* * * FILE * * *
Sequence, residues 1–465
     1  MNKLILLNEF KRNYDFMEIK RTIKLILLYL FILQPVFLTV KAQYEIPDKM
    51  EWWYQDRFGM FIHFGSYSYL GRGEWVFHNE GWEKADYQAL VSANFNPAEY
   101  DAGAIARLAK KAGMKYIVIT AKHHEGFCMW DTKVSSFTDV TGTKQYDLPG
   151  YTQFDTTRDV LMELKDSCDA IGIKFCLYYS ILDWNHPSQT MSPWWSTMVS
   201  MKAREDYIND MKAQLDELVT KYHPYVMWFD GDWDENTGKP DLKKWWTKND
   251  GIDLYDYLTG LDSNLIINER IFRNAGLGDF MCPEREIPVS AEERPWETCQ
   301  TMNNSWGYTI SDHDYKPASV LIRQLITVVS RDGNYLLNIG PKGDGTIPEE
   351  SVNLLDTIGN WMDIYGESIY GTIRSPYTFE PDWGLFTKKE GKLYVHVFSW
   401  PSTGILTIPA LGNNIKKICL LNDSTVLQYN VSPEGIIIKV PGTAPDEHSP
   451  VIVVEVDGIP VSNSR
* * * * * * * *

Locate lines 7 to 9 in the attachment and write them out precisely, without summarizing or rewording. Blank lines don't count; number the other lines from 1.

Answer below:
   251  GIDLYDYLTG LDSNLIINER IFRNAGLGDF MCPEREIPVS AEERPWETCQ
   301  TMNNSWGYTI SDHDYKPASV LIRQLITVVS RDGNYLLNIG PKGDGTIPEE
   351  SVNLLDTIGN WMDIYGESIY GTIRSPYTFE PDWGLFTKKE GKLYVHVFSW